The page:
Emily Blunt had everything to lose by taking this role, but in this audience member’s eyes, it was all her gain.
Some originally criticized the beautiful Blunt for signing on to portray the part of alcoholic and rattled Rachel in the film adaptation of 2015 best-selling psychological thriller The Girl on the Train. But she pulled it off perfectly and convincingly, bearing glossed-over eyes and mascara-blotched face. Interviews with Blunt reveal great lengths taken by her make-up artist to be sympathetic to the addiction and representative of its effects.
We meet Rachel on the train she takes to and from the job she got fired from a year ago in London (Oops, I mean New York City, the setting Dreamworks selected over the book’s London location. Blunt’s British accent was an apparent non-factor in this decision).
Each day, Rachel sips vodka through her water bottle in her claimed seat, observing the lives of the people she sees out the window. On her daily commute, two families consistently capture her attention. She steals glances into the home where her ex-husband Tom, his mistress-turned-wife Anna and their child live but focuses on a house just down the block. She becomes enthralled with the couple’s lives she captures glimpses of. The pair begin representing what Rachel lost after her ex, Tom, divorced her because of her alcoholism and what present-day Rachel longs for.
The alternate reality of happiness Rachel writes in her mind for the couple is shattered when she observes the woman with another man on her balcony. She wakes up the next morning hungover, covered in blood, and clinging to her last memory—looking down a tunnel near the place where Tom and the couple live. She soon learns the woman, whose name she learns to be Megan, has gone missing. Police show up in her home, and Rachel, who struggles to put together a testimony to explain herself, becomes a full-fledged suspect.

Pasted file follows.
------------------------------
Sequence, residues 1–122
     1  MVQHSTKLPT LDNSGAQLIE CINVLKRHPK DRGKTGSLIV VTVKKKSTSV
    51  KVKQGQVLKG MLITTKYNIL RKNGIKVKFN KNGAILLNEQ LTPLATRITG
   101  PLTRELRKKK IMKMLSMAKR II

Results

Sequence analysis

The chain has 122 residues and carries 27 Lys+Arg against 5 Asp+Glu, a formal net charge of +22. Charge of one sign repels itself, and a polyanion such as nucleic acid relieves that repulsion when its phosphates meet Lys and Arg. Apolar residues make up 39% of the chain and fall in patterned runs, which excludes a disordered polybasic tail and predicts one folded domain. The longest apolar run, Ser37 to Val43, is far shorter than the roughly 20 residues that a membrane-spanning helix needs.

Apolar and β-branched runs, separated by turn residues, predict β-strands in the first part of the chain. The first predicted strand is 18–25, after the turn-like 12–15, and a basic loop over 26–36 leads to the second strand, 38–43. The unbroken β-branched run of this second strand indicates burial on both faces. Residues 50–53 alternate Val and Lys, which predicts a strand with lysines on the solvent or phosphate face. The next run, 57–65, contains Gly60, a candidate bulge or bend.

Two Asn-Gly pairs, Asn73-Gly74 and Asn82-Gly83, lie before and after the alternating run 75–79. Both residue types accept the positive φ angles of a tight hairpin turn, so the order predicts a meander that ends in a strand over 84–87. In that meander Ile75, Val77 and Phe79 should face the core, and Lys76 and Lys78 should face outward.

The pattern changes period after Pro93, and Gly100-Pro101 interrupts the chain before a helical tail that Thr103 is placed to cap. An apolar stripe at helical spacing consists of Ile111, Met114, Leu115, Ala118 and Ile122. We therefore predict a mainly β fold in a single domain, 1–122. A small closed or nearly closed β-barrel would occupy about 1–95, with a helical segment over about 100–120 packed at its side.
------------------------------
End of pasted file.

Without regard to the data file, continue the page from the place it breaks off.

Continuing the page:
From this point on, The Girl on the Train seemed a little like the multi-narrative films—remember Valentine’s Day and New Year’s Eve—that the beginning of the decade brought us. My brain began juggling the storylines of Rachel, Megan and Anna, anticipating their lives to intersect along the line.
Rachel befriends Megan’s husband Scott to reveal what she knows about his wife’s affair and, without telling Scott, begins visiting Megan’s therapist to try to gain insight into Megan’s life. We learn Megan was a nanny for Tom and Anna’s child and was having an affair with Tom. It’s a little like a cobweb.
When all the character’s stories meet up and crystallize, the film wraps up in action-filled, surprising fashion. We learn the identity of Megan’s captor, and the discovery influences each person in the narrative significantly.
As someone who read the book the summer it came out and fell in love with the suspenseful narrative, I can say the film was a fair adaptation of the text. The film’s largest flaw falls in its treatment of the conclusion. After nearly 100 minutes of build-up, I think more time should have been allotted for the final scenes. While the film had moments of high activity and interest sprinkled throughout, it saves most of the action for the end. The concluding scenes close several gaps in a short chronology, and I think the audience deserves a little reprieve to sort through their reactions to each reveal.
Critics have mixed reviews on the film, which came in number one at the box office this weekend. It maintained my interest, satisfied my expectations for adapting Paula Hawkin’s novel, and it deserves four stars.
Gina Eisenhut is a senior journalism major. This review reflects the views of the author only.